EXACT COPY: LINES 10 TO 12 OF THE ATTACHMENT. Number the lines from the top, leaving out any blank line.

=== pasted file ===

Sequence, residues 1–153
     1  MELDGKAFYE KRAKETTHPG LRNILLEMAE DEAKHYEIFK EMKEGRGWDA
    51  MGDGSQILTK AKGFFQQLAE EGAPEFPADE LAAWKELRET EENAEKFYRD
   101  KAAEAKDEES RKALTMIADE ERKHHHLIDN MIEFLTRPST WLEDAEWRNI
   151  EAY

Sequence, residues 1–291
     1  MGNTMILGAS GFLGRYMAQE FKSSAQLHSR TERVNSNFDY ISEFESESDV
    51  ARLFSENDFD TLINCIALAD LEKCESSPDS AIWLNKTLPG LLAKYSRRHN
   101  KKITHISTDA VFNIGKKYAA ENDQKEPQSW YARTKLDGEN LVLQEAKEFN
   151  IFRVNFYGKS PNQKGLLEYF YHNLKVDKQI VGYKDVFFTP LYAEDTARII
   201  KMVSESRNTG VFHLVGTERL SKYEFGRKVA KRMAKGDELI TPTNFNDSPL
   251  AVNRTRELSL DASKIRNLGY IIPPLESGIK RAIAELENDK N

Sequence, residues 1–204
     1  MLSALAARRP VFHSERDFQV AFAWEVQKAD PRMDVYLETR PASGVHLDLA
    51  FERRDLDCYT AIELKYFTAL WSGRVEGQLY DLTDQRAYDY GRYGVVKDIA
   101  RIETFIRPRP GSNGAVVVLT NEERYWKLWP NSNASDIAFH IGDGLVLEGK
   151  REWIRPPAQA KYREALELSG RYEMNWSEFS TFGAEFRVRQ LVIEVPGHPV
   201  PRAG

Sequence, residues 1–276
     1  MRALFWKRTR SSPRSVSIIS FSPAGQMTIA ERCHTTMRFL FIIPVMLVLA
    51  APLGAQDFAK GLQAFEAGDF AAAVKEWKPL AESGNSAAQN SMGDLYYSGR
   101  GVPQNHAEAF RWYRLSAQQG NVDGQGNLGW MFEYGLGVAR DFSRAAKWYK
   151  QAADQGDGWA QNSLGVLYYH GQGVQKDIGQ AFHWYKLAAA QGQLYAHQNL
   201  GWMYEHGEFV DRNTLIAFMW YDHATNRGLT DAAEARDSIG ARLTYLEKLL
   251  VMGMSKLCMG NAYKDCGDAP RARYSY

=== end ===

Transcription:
   151  IFRVNFYGKS PNQKGLLEYF YHNLKVDKQI VGYKDVFFTP LYAEDTARII
   201  KMVSESRNTG VFHLVGTERL SKYEFGRKVA KRMAKGDELI TPTNFNDSPL
   251  AVNRTRELSL DASKIRNLGY IIPPLESGIK RAIAELENDK N